Carrier WiFi

Cometa Closes

Cometa Networks Inc. -- the startup that launched with grand plans to hotspot entire cities in the U.S -- is closing down after less than two years in business.

A spokeswoman confirmed that the company is shutting down tomorrow, but couldn't offer much more in the way of detail.

"There will be an announcement tomorrow," she told Unstrung.

Everything looked much brighter for the company back in December 2002. Backed by undisclosed amounts of money from big names such as AT&T Corp. (NYSE: T), IBM Global Services, and Intel Corp. (Nasdaq: INTC), the company announced plans to roll out at least 25,000 access points in cities across the U.S. and sell wireless LAN access wholesale to would-be wireless service providers (see Rainbow Unveiled).

But there were always rumors of trouble at Cometa.

The firm's original CEO left after less than four months on the job to spend more time working as a first responder for the Center for Disease Control (CDC) (see His Brilliant Career).

By July of 2003, it was clear that the firm had fallen far behind its ambitious rollout targets (see Cometa's Hotspot Hassles). And the company ended up using a "placeholder" billing system while it waited for software from AT&T and IBM (see Cometa Leans on Startup).

But what may prove to be the straw that broke the camel's back was Cometa's failure to win the lucrative McDonald's hotspot contract, which Wayport Inc. seized instead (see Wayport Macs Up).

Toshiba America Information Systems also decided to exit the hotspot game after losing out on the McDonald's deal and ceded its existing network to Cometa last month. (see Toshiba Hotspots Go Cold).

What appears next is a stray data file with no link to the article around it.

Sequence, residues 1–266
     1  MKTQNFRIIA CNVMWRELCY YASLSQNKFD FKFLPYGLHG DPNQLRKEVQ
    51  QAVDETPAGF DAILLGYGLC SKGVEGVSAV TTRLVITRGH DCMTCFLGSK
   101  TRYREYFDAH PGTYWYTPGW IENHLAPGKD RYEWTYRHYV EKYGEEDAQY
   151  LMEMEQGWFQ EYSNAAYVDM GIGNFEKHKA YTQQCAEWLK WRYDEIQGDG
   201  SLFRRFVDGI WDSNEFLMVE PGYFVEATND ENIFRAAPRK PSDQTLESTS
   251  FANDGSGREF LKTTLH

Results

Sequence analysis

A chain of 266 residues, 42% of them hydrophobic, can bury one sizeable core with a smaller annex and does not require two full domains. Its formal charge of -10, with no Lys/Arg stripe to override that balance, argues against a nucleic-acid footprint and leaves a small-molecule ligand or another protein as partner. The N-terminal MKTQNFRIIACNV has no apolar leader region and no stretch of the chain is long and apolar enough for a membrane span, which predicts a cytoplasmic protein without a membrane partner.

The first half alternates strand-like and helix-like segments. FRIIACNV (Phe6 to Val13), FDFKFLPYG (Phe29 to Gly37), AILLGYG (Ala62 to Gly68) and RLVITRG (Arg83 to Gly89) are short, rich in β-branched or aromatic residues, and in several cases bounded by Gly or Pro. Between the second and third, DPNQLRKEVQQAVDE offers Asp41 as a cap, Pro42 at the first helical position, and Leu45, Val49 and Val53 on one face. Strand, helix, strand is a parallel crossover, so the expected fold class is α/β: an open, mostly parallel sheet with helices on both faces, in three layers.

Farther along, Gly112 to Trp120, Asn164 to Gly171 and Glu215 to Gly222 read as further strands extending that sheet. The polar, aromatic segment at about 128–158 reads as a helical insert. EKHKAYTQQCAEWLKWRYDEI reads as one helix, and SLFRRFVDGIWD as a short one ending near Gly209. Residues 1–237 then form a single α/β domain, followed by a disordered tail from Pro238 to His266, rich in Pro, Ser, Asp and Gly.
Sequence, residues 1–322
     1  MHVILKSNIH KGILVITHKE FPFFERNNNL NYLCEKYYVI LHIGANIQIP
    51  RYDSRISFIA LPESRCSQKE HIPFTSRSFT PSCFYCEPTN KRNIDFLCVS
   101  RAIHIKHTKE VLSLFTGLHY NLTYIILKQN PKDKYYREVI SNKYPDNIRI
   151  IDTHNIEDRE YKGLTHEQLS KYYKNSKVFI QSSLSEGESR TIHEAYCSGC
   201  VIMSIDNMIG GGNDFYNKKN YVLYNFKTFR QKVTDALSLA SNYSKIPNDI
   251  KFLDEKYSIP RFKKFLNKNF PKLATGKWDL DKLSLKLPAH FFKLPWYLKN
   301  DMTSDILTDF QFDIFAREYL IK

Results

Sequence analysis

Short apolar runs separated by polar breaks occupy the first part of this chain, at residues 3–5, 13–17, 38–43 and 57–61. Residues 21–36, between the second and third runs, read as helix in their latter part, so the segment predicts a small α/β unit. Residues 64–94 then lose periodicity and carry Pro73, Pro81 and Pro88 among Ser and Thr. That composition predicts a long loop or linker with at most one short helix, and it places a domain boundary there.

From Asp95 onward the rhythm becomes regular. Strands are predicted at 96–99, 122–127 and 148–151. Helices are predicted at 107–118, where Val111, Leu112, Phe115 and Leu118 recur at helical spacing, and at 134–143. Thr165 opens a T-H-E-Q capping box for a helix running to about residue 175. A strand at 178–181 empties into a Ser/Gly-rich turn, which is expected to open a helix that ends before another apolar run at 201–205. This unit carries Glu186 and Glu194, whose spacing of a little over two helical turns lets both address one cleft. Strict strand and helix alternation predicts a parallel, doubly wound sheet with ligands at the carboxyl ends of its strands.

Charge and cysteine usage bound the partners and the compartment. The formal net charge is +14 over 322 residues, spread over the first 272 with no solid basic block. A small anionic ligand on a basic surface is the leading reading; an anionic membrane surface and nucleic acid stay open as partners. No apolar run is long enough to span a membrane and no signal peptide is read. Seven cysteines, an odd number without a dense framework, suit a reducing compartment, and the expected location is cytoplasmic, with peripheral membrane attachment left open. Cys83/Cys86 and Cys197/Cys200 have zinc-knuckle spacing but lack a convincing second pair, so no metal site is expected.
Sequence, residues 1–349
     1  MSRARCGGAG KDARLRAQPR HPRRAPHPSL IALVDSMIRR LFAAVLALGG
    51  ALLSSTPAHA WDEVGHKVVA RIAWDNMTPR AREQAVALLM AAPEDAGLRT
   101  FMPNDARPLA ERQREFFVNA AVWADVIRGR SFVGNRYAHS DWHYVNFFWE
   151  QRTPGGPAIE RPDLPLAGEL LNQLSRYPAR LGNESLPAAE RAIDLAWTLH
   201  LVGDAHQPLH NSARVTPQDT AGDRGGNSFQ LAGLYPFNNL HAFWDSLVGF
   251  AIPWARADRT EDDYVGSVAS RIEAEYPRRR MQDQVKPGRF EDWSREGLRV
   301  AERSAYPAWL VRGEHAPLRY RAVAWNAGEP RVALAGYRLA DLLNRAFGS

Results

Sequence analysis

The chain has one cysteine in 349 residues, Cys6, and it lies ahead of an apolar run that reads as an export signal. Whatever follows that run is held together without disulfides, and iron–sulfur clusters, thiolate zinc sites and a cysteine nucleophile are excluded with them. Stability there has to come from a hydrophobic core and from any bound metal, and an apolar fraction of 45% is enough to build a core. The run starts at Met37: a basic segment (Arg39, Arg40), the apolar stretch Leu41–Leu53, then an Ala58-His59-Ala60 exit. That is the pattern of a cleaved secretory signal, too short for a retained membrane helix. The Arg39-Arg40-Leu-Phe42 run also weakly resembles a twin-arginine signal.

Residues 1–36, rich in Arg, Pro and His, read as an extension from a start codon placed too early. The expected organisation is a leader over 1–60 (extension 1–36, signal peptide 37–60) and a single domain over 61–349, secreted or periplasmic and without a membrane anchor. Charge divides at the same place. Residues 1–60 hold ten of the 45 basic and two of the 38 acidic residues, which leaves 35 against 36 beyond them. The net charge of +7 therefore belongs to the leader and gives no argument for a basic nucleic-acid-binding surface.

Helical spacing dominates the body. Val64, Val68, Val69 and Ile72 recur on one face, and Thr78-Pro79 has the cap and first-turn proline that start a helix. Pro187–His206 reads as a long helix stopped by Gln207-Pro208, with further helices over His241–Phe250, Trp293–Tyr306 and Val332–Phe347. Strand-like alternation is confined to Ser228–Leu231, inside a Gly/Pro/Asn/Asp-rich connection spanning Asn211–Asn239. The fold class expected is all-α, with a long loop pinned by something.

Cometa's flameout is likely to make many industry watchers once again question the viability of the entire hotspot model.

— Dan Jones, Site Editor, Unstrung

fdacosta 12/5/2012 | 1:34:36 AM
re: Cometa Closes Cometa underscores the problems with doing wireless one hotspot at a time. It's just not the right approach. It does not distributing the bandwidth over a large enough area. Hotzones that cover large areas with a single Ethernet link is far, far more economical.

But the problem with Hotzones is that - to make it economically viable - you have to be able to distribute the bandwidth over very large areas. That should be a perfect application for mesh networks. And it is. Aside from the ugly secret about conventional mesh networks.

Conventional Mesh networks dont scale beyond 1-2 hops. The reasons are best explained under:


Here is a quick explanation:

1. Radio is a shared medium and forces everyone to stay silent while one person holds the stage. Wired networks, on the other hand, can and do hold multiple simultaneous conversations.

2. In a single radio ad hoc mesh network, the best you can do is (1/2)^^n at each hop. So in a multi hop mesh network, the Max available bandwidth available to you degrades at the rate of 1/2, 1/4, 1/8. By the time you are 4 hops away the max you can get is 1/16 of the total available bandwidth. So 4 hops down, a client cannot do better than 1/16 of the Ethernet Backhaul - provided there are no other clients on the network.

3. This is disastrous if you have 20 or more active clients on each hop of a 4 hop network. Consider the case of just 20 client stations at each node of a 4 hop mesh network. The clients at the last rung will receive -at best- 1/(256,0000) of the total bandwidth at the root!

4. Why has this not been noticed as yet? Because first there are not a lot of mesh networks around that do more than 1 hop connectivity ( not enough for hotzones) and second, they have not been tested under high usage situations. Browsing and email donGÇÖt count. Try video - where both latency and bandwidth matter - or VOIP where the bandwidth is a measly 64Kbps but where latency matters.

In my humble opinion. Cometa failed in part because they were trying to solve the wrong problem. Focus on Hotzones, not Hotspots is key.

Francis daCosta
Founder and CTO
[email protected]

Posted by: Francis daCosta May
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